Optical Fibre Interconnections: Unlike the plug and jack combination that compr ises a mated balanced twisted-pair connection, an interconnection is used to mate two tightbuffered optical fibers. An optical fiber interconnection typically consists of two plugs (connectors) that are aligned in a nose-to-nose orientation and held in place with an adapter (also called a coupler or bulkhead). The performance of the optical fiber interconnection is highly reliant upon the connector’s internal ferrule and the adapter’s alignment sleeve. These components work in tandem to retain and properly align the optical fibers in the plug-adapter-plug configuration. The internal connector ferrule is fabricated using a high-precision manufacturing process to ensure that the optical fiber is properly seated and its position is tightly controlled. The high-tolerances of the alignment sleeve ensure that the optical fibers held in place by the ferrule are aligned as perfectly as possible. Although more expensive, ceramic alignment sleeves maintain slightly tighter tolerances than metal or plastic alignment sleeves, are not as susceptible to performance variations due to temperature fluctuations, and may be specified for extremely low loss applications. All Siemon adapters come standard with ceramic alignment sleeves. See figure 6 for an example of an optical fibre plug-adapter-plug configuration.
Accurate plug-adapter-plug alignment minimizes light energy lost at the optical fibre interconnection and maintaining precision tolerances becomes especially cr itical as the optical fiber diameter decreases. For example, if two 62.5μm optical fibers are off-centre by 4 μm in opposite directions, then 13% of the light energy escapes or is lost at the interconnection point. This same misalignment in a 9μm singlemode fibre would result in almost a total loss of light energy! The critical nature of the core alignment is the reason why different optical fiber types, including 62.5μm and 50μm multimode fiber, should never be mixed in the same link or channel.
Optical fibre breakout kits are used to facilitate termination of loose-tube optical fibers used in indoor/outdoor and outdoor applications. Once the water-blocking gel is thoroughly removed from the optical fibers, the breakout kit allows furcation tubes (typically 1.2mm to 3.0mm in diameter) to be installed over the 250μm optical fibers; increasing the diameter and forming a short “jacket” so that the optical fibers may be terminated to the desired optical fibre connector. Selection of the correct furcation tube ensures compatibility with all optical fibre connectors.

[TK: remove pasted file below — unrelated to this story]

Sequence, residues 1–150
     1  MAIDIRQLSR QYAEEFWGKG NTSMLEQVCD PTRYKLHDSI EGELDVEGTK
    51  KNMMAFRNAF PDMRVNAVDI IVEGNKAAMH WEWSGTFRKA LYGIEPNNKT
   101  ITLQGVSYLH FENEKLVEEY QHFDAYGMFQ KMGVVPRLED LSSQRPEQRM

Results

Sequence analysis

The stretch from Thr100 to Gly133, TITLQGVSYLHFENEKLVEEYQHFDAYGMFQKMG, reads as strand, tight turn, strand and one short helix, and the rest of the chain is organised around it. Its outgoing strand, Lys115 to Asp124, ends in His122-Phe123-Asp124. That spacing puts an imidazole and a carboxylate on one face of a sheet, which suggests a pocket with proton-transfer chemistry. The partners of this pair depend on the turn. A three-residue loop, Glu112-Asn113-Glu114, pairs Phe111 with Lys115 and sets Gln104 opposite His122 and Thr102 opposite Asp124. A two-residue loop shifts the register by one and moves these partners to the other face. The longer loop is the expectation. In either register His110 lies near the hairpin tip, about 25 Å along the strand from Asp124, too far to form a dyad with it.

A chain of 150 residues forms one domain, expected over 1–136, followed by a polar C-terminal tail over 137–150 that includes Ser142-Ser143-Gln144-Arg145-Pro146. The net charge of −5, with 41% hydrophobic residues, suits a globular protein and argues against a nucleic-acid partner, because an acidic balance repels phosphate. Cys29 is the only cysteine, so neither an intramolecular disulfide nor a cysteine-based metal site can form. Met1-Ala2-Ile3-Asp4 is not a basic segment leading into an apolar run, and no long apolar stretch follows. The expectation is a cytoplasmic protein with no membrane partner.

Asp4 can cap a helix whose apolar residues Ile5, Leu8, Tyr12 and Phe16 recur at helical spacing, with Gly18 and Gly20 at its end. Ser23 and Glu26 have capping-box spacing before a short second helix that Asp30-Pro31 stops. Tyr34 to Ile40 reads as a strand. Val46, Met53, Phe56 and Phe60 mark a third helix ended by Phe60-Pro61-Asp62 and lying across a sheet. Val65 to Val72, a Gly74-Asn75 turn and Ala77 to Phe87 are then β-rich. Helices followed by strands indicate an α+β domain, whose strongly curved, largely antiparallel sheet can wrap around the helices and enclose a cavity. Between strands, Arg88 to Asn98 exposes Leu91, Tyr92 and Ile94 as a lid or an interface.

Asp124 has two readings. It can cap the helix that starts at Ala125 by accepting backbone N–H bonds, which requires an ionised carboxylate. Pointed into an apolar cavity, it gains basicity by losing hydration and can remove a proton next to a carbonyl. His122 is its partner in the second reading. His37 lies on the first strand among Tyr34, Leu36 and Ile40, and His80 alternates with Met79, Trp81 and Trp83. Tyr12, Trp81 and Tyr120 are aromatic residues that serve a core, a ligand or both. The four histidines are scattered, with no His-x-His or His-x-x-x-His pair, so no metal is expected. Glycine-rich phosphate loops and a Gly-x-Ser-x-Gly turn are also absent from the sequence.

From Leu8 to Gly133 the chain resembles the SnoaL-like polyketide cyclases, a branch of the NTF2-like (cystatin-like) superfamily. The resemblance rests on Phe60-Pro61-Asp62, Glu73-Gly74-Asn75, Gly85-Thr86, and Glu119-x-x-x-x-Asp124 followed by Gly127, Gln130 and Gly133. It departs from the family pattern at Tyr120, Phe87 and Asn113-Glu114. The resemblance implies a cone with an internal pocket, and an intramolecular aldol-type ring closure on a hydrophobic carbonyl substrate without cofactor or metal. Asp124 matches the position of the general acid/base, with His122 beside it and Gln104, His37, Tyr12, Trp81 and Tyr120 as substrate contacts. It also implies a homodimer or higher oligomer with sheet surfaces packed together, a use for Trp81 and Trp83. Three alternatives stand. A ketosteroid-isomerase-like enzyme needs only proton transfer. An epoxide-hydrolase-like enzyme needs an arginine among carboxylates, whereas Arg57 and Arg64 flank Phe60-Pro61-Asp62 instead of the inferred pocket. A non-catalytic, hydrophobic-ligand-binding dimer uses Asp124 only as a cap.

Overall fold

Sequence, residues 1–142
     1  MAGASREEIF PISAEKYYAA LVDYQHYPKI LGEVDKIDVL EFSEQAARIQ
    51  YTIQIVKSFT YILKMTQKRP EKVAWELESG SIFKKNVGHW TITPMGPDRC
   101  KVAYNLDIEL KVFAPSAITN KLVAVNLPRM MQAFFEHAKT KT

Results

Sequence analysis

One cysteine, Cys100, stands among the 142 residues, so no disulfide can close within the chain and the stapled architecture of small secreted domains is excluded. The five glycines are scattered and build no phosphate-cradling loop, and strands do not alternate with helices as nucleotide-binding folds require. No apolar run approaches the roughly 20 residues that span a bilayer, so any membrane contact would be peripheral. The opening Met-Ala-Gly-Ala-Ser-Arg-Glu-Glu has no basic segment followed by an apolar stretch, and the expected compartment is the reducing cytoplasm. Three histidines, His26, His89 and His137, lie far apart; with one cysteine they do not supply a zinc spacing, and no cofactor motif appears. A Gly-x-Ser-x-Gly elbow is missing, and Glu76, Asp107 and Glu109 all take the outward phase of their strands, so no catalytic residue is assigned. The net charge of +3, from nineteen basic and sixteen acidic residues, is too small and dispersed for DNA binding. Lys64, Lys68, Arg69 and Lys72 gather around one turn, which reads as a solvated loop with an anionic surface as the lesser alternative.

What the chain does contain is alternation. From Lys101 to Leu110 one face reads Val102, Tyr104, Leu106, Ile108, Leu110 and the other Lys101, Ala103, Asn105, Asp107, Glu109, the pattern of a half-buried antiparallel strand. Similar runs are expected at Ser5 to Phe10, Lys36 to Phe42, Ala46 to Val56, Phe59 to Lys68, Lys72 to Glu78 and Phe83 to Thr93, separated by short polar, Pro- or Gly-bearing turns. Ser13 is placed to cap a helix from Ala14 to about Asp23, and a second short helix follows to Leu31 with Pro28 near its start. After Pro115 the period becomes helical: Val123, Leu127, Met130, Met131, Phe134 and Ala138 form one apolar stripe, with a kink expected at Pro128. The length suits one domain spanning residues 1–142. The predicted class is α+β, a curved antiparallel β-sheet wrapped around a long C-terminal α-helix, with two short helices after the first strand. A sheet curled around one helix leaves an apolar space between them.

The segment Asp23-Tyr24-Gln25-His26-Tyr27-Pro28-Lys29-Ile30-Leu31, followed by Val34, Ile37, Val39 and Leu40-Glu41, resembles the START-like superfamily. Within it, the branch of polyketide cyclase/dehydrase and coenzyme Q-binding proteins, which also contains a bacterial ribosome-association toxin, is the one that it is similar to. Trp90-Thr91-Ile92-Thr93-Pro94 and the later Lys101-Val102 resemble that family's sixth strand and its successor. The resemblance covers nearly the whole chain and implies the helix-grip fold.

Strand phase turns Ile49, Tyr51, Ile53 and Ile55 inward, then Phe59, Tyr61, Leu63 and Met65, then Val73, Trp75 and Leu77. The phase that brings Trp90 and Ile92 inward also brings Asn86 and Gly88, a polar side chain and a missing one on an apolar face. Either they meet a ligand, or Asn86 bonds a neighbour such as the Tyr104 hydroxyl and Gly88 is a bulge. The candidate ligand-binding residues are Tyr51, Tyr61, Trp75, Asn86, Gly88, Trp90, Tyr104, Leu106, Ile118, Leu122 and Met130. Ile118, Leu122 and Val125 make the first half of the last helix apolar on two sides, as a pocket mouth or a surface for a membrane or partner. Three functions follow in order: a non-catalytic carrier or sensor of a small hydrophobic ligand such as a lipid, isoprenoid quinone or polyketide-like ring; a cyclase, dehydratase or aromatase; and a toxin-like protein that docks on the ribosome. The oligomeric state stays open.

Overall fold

There are many choices for the optical fibre connector.
Traditional optical fibre connectors are represented by the SC and ST connector styles. These two types of optical fiber connectors were recognized when optical fibre cabling was described in the first published TIA and ISO/IEC telecommunications cabling Standards. The ST connector features a round metal coupling ring that twists and latches onto the adapter and is only available as a simplex assembly (two assemblies are required per link or channel). SC connectors feature a quick push-pull latching mechanism and have an advantage in that they may be used in conjunction with a duplexing clip that more easily supports the interconnection of the 2 optical fibers in a link or channel. SC optical fibre connectors are generally recommended over ST optical fibre connectors for use in new installations due to their duplexing capability. Both ST and SC connectors may be field-terminated using an epoxy polish or mechanical splice method. In addition, the SC connector may be quickly and reliably field-terminated using Siemon’s proven XLR8® mechanical splice technology.